“We could hire every math teacher produced in the state and still not have enough to fill all of our positions,” Royster said.
Greenwood District 51 Superintendent Dr. Fay Sprouse expresses a similar sentiment, saying, “I’ve been in education for 35 years and this is the worst it has ever been.”
This isn’t the first time South Carolina has had trouble getting enough teachers in recent memory. In the early 1970s, Greenville County Schools had a teacher turnover rate of nearly 30 percent. The problem corrected itself over time, he said, especially after the Education Improvement Act was passed and resulted in a big boost in teacher salaries.
“The single greatest relief would be to address the salary disparity,” Royster says. “The state budget includes a 4 percent raise, but it doesn’t need to be, ‘That’s it and we’re done.”
What are the answers?
While increasing pay is a good first step, Sanders says there’s no single solution to solving the teacher shortage.
“People get into teaching because they have a service heart, a love of kids, and a sense of having something to contribute. The sense of service is unique to teaching and is still there,” he says. “But we’ve seen other aspects erode over time—compensation, an increase in the reliance on standardized testing that has affected autonomy and creativity in the classroom, the way society looks at the profession versus other professions. The shortage is a symptom of that.”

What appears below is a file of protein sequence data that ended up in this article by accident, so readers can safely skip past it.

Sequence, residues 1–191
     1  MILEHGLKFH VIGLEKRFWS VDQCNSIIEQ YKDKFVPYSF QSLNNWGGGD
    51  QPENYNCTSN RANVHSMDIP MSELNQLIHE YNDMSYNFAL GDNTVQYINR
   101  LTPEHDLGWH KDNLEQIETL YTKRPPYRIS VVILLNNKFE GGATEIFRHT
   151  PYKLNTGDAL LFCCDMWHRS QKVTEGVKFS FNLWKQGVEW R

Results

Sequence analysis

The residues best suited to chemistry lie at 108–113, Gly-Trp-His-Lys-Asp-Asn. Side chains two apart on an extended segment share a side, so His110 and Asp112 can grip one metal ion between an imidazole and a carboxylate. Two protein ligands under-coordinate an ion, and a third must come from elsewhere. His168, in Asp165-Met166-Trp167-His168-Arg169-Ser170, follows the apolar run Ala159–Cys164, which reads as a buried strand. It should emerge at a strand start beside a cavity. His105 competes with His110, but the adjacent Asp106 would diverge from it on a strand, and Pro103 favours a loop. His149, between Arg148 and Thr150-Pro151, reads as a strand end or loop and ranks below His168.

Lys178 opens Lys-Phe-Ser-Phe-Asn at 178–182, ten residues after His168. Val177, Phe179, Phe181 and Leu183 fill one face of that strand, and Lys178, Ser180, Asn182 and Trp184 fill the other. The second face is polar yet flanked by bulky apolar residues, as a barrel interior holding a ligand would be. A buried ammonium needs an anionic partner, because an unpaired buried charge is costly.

Petersen said with so many teachers leaving the profession, especially those with less than five years’ experience, school districts and universities need to ask whether they did enough to prepare them for the job.
“Research has shown the more comprehensive the preparation of a teacher is, the likelihood of them staying in the profession is greater,” Petersen said. That’s why Clemson, in collaboration with seven Upstate school districts, recently launched a residency program.
The program is designed to prepare and retain classroom-ready teachers. Students in the program emerge after five years with both a bachelor’s and master’s degree in education as well as an extended, year-long student teaching experience with a master teacher.
Petersen says research shows that between 70 and 90 percent of those teachers stay five years or more and that they are more effective teachers by their third year of teaching. The first cohort had 23 students. Eventually, Petersen thinks about half of Clemson’s education majors will opt for the residency program.
“It’s expensive, but so is replacing a teacher,” he said.
On another front, a group of educators and business leaders working on teacher recruitment and retention through Ten at the Top’s Education Spectrum wants to develop an incentive package to attract top talent to the Upstate, including employee discount, affordable housing, professional development, degree advancement, loan forgiveness, and other financial incentives. They will push for policies that allow colleges and universities to develop alternative certification programs.
Another group is focusing on elevating the teaching profession in the eyes of the public, as well as high school and middle school students.
While Petersen says the teacher shortage is concerning, it also provides opportunities to innovate.
“This shortage in the very near future will force us to think and act outside the box,” he said. “It’s like in business: when chaos hits, great ideas rise to the top.”